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Vile Traveller

Insight Skill

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I've never liked the Insight skill. To me it's simply unusable. It's one of those skills which should always be rolled by the referee, because if you fumble you totally misinterpret your target. In other words, as a player you can't rely on what the referee tells you your adventurer thinks. "You think she's lying," means (a) the target is lying, or (b) the target is not lying. You don't know.

 

Edited by Vile

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I disagree that it’s worthless. It’s true the GM needs to roll it but I love roll playing certainty if the GM says my character feels one way or the other. Lots of great roll playing when you get in an NPC’s face because their lying and they aren’t!

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Insight is an essential skill. Just because a player maybe be good at reading the GM, does not mean their character should be good at reading any particular NPCs intent; just because a player is terrible at reading people in general should not mean they can ever play a character who understands and can read people.

Insight fumbles are no more problematic than fumbles of Search or Listen; Chroniclers need to be careful about when and why they call for skill checks, or allow players to make checks, but that’s a good general principle. A skill check is always as much a stage direction, a tool to shape the drama and tension, as it is a logic gate in information flow.

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Thanks for your feedback, gents. I'm still going to push a little more, if you don't mind. 😉

As a player and referee I've found Insight more difficult to judge than other secret rolls, say, Listen or Move Quietly. With Listen you know you've heard something, or you haven't, the only uncertainty might be what you heard (i.e. your character may have mis-heard). With Insight the result itself is in question - did you catch the other party lying or didn't you? With Move Quietly, you have made your decision to move before you roll, you are already acting and the consequences will come no matter what. With Insight you will base your action on the result of the roll - which you don't know.

Let me try it from another angle, inspired by Nick's point about skill checks as tools. How do you apply the principle of not only rolling for significant skill use (e.g. no Climb rolls for scaling a farm gate)? Are there instances when gaining Insight would be so insignificant that you just waive the roll and tell the player?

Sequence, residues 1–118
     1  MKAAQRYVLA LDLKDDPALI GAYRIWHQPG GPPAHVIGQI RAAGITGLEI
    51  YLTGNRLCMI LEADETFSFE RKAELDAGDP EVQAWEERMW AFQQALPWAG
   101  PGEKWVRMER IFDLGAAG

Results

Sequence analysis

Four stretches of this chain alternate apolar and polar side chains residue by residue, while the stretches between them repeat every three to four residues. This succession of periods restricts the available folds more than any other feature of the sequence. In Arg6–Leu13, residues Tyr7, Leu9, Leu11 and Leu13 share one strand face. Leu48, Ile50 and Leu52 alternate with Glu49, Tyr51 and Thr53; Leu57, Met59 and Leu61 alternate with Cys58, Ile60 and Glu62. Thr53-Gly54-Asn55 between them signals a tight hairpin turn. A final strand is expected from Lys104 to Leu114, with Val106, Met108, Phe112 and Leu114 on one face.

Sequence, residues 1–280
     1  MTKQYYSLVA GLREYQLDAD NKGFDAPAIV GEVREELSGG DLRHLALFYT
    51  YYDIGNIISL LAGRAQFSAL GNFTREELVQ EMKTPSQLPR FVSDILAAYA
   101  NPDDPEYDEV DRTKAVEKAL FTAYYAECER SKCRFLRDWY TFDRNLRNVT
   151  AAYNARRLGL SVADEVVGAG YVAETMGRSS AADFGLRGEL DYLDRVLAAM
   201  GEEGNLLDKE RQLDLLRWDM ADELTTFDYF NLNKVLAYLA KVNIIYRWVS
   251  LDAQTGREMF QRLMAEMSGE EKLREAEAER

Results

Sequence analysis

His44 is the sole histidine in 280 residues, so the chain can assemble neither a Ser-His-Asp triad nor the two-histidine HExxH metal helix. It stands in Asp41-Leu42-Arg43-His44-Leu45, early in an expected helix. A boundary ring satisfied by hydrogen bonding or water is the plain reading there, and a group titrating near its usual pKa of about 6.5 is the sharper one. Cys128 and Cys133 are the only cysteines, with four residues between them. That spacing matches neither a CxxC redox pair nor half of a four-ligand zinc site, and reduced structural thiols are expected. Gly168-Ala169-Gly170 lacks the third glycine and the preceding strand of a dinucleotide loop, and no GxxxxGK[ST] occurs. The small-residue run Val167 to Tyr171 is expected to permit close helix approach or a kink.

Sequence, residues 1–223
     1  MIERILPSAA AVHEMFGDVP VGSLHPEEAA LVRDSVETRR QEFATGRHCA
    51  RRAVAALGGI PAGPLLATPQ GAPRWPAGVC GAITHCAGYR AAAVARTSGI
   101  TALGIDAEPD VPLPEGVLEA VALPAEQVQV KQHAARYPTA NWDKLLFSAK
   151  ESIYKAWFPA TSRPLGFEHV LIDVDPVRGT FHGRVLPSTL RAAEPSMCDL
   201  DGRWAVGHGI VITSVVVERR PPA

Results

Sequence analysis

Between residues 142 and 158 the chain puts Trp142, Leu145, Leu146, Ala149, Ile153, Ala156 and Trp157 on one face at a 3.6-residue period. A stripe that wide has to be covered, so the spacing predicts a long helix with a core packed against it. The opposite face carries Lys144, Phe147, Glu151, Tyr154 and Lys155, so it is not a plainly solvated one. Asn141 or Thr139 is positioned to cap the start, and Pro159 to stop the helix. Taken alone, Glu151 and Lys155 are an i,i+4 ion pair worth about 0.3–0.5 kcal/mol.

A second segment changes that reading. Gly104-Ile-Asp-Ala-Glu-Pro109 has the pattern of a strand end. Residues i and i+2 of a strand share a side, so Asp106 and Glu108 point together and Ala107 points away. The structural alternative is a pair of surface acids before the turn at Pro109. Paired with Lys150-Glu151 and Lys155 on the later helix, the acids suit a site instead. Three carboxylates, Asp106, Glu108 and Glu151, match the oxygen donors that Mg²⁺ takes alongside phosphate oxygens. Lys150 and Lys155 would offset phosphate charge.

Or another one, group tests. If one member of a group fails a hide test, the whole group might be discovered (depends on how they're hiding, of course). If one member of a group fails their Search roll, the rest of the group probably finds what's hidden, anyway (again, unless they are searching different parts of a room or the like). Do you allow multiple Insight checks by groups? Even limiting Insight to those actively interacting with the target, that could still mean several characters.

The difficulty I've had with Insight in action is that, as a player, I've always had a hard time making a decision based on what I found out (or didn't?). As a referee, I've rarely had players use Insight and then act on what they found - they've tended to "try it just to see", but it's never factored in a big way in their subsequent choice of action. How do you make it appear more reliable? I guess one way is to use it a lot and rely on the law of averages. Another is to have a really high skill level and trust that fumbles don't happen that often.

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1 hour ago, Vile said:

Are there instances when gaining Insight would be so insignificant that you just waive the roll and tell the player?

Not me. If they succeed, I tell them, and if I hadn't prepared anything because they're talking to an NPC that isn't supposed to matter much, I still make up something (which may link back to the main plot, or might lead to a new side-plot). I take a note of it and expand on whatever it is as necessary before the next session.